In an episode of the 1999 cult sequence Freaks and Geeks, the Neil Peart-loving burnout Nick Andopolis (portrayed by a teenage Jason Segel) shared what I’ve all the time assumed to be a truism relevant to drummers in all places: no different kind of pants can present the total vary of mobility—nay, freedom—that drumming requires like a pair of shorts.
Whether or not or not that is true for the generational drummer Travis Barker when he’s behind the package, he definitely has a knack for the form of gnarly-cool clothes that seem like they’ve most likely survived many nights on a tour bus idling in an Indiana parking zone. For instance: whereas out and about on a latest 90-degree day in Los Angeles, Barker sported a pair of ultra-baggy, low-slung black jean shorts hacked off someplace across the knee space, getting into into the document one of many wilder pairs of cut-offs we’ve seen shortly. (He paired them with a slouchy Motörhead hoodie and, as a result of Calabasas is rarely too distant, a pair of Balenciaga lodge slippers.)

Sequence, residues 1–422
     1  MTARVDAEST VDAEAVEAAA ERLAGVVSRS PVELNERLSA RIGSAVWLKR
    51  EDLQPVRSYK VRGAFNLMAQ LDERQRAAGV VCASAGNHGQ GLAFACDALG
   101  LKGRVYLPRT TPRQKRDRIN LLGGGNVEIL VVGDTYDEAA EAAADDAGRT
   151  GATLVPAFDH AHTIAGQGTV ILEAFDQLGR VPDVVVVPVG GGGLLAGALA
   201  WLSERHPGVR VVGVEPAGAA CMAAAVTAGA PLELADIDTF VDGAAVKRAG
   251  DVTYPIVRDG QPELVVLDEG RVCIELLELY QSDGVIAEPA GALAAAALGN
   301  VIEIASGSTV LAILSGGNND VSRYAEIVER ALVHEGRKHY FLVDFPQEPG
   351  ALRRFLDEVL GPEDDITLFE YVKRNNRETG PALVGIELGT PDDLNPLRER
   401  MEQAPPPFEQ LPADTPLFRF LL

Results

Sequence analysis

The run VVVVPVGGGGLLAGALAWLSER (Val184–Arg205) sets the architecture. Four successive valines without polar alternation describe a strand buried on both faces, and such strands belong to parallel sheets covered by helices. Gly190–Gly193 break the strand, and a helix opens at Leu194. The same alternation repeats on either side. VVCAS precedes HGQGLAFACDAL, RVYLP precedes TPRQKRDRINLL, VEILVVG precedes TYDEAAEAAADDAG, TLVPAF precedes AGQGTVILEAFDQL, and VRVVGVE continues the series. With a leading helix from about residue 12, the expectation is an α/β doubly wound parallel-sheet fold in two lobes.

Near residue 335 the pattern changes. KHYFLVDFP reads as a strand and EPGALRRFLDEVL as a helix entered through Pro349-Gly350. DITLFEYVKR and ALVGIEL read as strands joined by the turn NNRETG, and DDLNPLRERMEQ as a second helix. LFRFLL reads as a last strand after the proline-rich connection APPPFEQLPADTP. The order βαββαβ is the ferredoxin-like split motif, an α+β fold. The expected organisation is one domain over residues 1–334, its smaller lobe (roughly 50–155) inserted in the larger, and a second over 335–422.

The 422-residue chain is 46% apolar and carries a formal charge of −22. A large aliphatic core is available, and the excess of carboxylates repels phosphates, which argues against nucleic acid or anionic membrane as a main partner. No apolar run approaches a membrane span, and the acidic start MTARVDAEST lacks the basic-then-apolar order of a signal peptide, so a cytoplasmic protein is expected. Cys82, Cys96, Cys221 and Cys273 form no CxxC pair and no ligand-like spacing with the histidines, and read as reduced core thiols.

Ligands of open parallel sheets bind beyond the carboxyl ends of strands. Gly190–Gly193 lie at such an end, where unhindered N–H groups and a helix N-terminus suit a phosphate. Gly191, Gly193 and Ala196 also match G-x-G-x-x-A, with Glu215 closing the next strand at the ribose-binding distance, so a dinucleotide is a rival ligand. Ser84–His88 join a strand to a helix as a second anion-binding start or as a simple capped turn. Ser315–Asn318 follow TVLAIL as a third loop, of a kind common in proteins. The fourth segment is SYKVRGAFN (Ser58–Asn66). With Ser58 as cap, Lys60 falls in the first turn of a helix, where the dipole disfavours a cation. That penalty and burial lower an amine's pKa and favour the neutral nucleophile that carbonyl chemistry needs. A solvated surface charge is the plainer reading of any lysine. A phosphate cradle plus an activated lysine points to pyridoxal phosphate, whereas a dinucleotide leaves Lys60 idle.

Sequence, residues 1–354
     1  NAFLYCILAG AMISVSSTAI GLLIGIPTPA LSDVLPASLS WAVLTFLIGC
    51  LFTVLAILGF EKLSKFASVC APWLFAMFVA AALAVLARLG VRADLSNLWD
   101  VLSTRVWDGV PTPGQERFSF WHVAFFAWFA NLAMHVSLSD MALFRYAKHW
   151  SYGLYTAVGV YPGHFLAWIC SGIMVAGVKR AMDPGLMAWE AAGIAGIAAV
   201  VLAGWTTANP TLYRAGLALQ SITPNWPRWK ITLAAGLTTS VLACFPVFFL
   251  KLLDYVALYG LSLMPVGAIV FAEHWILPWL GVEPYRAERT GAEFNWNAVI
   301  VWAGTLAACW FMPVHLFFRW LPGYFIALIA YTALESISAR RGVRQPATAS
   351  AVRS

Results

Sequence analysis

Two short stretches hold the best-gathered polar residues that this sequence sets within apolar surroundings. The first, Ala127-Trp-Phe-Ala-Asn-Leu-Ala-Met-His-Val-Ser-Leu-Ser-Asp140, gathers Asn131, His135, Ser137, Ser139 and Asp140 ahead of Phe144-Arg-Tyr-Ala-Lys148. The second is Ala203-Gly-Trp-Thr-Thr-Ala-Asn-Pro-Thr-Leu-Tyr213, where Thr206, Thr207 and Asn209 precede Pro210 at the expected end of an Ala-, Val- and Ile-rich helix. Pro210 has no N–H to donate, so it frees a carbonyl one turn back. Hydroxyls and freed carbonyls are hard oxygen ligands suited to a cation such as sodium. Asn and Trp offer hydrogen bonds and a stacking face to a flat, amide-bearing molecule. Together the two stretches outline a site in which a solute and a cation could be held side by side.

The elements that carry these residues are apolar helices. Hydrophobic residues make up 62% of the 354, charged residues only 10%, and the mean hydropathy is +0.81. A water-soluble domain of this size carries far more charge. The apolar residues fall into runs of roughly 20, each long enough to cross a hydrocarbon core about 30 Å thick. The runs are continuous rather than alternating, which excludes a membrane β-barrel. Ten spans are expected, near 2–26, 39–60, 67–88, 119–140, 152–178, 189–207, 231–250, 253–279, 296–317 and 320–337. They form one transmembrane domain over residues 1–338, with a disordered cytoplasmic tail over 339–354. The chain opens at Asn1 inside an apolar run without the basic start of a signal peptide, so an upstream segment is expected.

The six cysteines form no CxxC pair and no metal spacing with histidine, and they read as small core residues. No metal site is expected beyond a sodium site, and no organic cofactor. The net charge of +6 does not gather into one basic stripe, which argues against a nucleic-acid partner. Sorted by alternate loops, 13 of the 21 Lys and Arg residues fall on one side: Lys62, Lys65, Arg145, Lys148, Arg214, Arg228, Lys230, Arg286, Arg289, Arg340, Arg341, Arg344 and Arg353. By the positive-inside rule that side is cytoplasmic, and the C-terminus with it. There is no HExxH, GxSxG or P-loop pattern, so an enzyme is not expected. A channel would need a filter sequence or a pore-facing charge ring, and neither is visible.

It’s not summer time and not using a little inseam discourse, however between Barker’s monstrous jorts and Robert Pattinson’s 2000s-mall-skater knee-length cargos, we could also be on the verge of one thing new. Then once more, a dishevelled shorts revival is nothing we are able to’t deal with; as GQ’s personal Yang-Yi Goh wrote again in June, “Make ’em both an inch or two shorter than you’re comfy with (assume prime ’80s Magic Johnson)…or three to 4 inches longer and flowier than something you’ve worn since your Warped Tour days (assume prime ’00s Allen Iverson).” As Barker—who, to be honest, was most likely at that Warped Tour—proves, shorts are an artwork, not a science.